UNA members voice displeasure in wake of potential health care cuts
About 100 supporters picketed outside Chinook Regional Hospital in Lethbridge Thursday, showing support for nurses and the current health-delivery system.
LETHBRIDGE -- Around 100 supporters gathered outside the Chinook Regional Hospital in Lethbridge Thursday, showing support for nurses and the current health care-delivery system.
Rallies were held in 25 communities across the country, in a show of unity against expected layoffs, rollbacks, and a growing trend towards privatization of health care services.
“We want to send a message to the government to get them to stop with the cuts that they're proposing,"said Margie Emes, president of the United Nurses of Alberta Local 120. "The cuts that they're proposing are 750 (people) -- just for our union.”
The province has said changes need to be made to health delivery. The unions representing these nurses say hundreds of job losses are on the horizon.
A report that came down last week said there’s money to be saved in Alberta to the tune of $2 billion — if health care delivery is dramatically revamped.
It recommends, among other things, the privatization of multiple services and a slash of overtime and premium pay for public sector workers.
The Alberta Union of Provincial Employees representing licensed practical nurses and health care aides is also affected by the cuts. Bow Island, Medicine Hat and Oyen all voiced displeasure towards the cuts, with demonstrations of their own.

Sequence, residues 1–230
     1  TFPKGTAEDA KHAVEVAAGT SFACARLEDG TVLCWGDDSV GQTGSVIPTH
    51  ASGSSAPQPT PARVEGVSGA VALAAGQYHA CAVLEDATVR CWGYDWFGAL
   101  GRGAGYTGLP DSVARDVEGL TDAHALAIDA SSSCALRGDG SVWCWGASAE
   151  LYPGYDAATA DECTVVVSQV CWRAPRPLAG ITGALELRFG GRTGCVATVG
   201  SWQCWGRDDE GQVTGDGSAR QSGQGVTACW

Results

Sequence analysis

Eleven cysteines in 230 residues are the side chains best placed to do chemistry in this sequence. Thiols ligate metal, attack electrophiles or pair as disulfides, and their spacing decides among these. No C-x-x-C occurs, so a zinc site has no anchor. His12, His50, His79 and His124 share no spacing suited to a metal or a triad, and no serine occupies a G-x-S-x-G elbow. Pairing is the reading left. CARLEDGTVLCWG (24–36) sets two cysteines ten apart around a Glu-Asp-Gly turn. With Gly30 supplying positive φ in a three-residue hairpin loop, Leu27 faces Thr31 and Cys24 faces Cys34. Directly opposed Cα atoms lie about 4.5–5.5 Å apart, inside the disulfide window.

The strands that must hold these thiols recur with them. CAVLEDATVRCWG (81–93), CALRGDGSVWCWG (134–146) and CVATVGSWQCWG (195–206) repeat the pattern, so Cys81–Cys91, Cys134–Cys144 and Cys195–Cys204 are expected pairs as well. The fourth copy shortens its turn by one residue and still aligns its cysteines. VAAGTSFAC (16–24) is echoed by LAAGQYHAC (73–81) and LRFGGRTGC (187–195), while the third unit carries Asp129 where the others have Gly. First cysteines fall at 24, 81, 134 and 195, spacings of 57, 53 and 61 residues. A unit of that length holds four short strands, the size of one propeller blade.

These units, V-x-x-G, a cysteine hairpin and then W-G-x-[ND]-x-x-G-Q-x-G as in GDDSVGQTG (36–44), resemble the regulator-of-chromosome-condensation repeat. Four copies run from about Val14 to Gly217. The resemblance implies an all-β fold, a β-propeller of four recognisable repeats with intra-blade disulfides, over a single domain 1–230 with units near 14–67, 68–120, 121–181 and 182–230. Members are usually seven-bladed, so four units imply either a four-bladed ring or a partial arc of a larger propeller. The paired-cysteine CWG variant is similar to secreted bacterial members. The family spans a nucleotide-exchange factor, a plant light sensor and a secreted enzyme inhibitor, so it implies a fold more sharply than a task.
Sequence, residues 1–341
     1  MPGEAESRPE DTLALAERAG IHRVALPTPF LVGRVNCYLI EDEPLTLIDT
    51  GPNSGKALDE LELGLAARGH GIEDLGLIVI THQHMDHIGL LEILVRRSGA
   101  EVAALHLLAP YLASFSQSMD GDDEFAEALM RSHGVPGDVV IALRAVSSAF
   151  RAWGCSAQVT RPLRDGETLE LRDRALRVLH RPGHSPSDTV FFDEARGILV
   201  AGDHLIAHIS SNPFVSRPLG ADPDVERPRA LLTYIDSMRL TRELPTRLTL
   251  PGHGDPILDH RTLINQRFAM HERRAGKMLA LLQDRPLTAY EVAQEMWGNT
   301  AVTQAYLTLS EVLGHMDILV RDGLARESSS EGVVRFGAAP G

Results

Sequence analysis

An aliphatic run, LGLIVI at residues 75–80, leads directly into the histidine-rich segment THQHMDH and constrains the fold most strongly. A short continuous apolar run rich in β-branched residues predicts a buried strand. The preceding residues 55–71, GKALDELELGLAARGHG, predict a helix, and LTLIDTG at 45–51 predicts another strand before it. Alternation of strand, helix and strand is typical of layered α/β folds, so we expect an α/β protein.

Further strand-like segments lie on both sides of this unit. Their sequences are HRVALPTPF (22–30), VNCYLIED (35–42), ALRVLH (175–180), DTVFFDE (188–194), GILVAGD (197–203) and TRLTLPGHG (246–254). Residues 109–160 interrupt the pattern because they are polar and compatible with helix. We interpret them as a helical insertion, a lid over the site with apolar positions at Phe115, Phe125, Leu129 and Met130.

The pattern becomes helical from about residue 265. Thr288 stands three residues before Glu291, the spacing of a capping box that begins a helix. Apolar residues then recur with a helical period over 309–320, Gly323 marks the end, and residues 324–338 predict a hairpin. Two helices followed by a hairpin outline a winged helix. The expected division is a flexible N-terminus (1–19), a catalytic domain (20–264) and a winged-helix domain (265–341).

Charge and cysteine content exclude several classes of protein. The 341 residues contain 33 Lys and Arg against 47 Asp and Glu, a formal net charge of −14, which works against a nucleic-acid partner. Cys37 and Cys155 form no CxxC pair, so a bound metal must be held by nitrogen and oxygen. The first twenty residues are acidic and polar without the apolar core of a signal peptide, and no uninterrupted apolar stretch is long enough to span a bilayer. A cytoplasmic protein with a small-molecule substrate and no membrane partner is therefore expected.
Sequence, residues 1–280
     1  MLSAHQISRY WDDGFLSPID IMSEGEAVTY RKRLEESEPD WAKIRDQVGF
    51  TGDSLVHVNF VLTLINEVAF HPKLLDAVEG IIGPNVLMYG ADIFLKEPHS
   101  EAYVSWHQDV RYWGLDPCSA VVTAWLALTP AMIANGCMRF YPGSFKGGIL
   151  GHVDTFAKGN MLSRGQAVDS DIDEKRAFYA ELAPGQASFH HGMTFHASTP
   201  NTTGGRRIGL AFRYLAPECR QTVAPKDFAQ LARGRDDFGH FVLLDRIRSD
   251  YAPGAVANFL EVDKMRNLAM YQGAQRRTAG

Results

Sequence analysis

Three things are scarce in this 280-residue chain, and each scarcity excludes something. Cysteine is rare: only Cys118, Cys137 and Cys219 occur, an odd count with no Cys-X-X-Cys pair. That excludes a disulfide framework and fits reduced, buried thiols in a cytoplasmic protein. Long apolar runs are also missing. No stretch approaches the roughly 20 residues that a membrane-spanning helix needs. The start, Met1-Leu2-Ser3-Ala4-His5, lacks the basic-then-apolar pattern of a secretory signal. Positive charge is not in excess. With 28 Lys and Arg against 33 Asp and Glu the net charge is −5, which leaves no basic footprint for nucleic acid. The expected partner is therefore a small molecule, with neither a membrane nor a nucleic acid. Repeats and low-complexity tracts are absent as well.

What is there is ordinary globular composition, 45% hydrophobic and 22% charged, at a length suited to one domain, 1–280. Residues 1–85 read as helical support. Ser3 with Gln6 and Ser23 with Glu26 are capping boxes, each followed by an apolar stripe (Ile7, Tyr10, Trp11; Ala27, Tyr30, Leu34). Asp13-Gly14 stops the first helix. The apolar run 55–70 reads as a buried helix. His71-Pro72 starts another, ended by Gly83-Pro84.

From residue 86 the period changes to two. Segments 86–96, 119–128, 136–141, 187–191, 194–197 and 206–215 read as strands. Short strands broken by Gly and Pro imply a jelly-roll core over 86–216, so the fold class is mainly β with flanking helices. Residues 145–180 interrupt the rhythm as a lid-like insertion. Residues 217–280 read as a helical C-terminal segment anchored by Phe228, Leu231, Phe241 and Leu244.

“We feel that any government moves to privatize health care are short-sighted, and we don’t think that it would benefit Albertans," said Emes. "In fact, we think that it would make it much more difficult."
Members of the opposition expressed similar feelings.
“Your tax money going toward a for-profit clinic, rather than to expand health care.....they have also said that they are going to take some procedures away and just not cover them,” said Lethbridge West MLA Shannon Phillips.
Those in the trenches think the cuts will have terrible consequences.
“People are going to die.....people aren’t prepared to take care of their loved ones at home,” said registered nurse Cheryl Jackson-Flom.
“I don’t think people recognize what a service we have. The World Health Organization recognizes us as one of the top health care systems, as we are public,” said public health nurse Debbie Martin.
February 13th does mark the 32nd anniversary of the end of UNA’s province-wide strike in 1988. Demonstrators wanted the public to know today’s action were simply meant to inform them, and not scare them into thinking a strike is near.